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tripwires

layers and possible age of layers in photo

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tripwires    0
tripwires

Completely new to fossils............can anyone tell me the aprox age the layers in this photo?

taken in central Alberta 2016

post-21676-0-68812200-1465524317_thumb.jpg

Edited by tripwires

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Canadawest    760
Canadawest

Central Alberta is north of Edmonton. That photo, because of the white spruce, looks more in the south like Dry island, Tollman or Horseshoe Canyon. You have to be specific to location as the exposures can be anywhere from about 60 to 80 million years old and any of a half dozen Late Cretaceous or Paleocene Formations.

Edited by Canadawest

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tripwires    0
tripwires

I was sure Edmonton was central, LOL new to the province, me bad

This area is slightly south ( half hour ) of Camrose, apparently it northern part of the "badlands"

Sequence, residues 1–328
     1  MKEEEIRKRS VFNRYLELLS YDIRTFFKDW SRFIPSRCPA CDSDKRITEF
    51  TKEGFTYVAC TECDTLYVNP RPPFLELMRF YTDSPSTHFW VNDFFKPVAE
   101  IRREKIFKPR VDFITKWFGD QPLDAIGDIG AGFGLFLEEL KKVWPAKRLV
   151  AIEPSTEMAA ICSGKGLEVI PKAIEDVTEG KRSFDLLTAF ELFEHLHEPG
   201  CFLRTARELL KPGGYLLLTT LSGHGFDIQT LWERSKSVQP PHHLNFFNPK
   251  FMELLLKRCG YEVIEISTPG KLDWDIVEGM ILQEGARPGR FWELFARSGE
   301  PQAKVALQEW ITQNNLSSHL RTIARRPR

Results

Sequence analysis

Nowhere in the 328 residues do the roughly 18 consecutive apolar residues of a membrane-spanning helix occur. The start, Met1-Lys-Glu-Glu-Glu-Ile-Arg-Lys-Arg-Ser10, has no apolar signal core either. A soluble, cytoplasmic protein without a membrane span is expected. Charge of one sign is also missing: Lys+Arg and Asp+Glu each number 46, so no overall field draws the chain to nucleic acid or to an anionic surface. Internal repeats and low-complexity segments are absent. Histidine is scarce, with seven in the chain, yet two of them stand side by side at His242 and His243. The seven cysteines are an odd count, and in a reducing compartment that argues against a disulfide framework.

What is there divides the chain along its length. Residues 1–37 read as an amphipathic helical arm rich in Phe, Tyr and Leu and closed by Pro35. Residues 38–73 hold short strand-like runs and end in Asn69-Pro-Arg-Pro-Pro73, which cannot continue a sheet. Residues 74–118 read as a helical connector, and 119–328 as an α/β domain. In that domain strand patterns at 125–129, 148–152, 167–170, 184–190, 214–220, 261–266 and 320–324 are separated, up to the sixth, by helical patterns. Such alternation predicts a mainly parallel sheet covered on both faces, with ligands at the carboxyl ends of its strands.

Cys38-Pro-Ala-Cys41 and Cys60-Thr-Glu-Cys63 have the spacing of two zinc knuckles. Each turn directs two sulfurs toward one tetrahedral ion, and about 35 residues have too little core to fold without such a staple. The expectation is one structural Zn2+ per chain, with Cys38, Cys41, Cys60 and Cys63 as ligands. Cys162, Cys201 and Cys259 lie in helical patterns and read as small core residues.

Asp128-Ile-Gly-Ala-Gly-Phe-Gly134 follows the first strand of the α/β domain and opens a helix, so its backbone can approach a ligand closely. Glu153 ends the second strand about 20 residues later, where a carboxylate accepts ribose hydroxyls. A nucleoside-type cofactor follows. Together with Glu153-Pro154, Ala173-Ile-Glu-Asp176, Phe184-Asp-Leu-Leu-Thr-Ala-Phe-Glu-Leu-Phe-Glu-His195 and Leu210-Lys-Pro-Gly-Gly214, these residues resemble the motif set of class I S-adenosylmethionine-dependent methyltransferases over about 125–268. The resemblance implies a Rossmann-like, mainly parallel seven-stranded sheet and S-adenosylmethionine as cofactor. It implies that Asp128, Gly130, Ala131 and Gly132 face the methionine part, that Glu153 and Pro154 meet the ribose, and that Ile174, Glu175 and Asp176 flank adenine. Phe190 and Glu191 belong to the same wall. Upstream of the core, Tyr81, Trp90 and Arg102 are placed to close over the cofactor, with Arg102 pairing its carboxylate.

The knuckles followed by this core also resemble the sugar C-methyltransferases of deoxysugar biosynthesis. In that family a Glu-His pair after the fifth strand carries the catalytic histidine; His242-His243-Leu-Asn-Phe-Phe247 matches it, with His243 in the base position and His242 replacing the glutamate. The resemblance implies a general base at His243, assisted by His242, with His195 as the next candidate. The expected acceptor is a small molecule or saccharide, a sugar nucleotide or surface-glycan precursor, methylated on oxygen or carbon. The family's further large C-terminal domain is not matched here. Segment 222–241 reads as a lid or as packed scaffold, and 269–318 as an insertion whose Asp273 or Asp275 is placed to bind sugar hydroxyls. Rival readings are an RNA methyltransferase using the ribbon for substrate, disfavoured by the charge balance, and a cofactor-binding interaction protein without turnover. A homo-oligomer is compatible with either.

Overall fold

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Canadawest    760
Canadawest

I don't know of any such areas a half hour south of Camrose. Could it be an hour south?

If so this is likely the Scollard Formation. The Scollard spans the KT boundary (the famous Dino extinction line). Most of the layers in the photo are Paleocene...the few bottom layers 'may' be Cretaceous.

One can't really tell from a photo. One needs to actually walk up the layers and identify them up close. Also, to make it more complicated, that general area has on and off layers from the Bearpaw Sea. These are marine layers and mess up any neatly stacked non-marine layers.

Anyways, if the lower layers are Cretaceous and if not 'marine', then they may have the latest Dino fossils before extinction ( T. rex, Triceratops, etc). In the upper layers no Dino but one can still find Crocodile, Turtle, etc. Small mammal teeth ( real small) in all non marine layers.

If you look in the layers and they seem sterile, don't get discouraged. You can look at 10 spots and zilch. Nothing. Then...aha! Look everywhere but in general the rusty rocky layers have the most fossils...these are ancient river deposits.

Edited by Canadawest

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tripwires    0
tripwires

Thanks Canadawest

I'll take close ups of the individual layers next weekend and post

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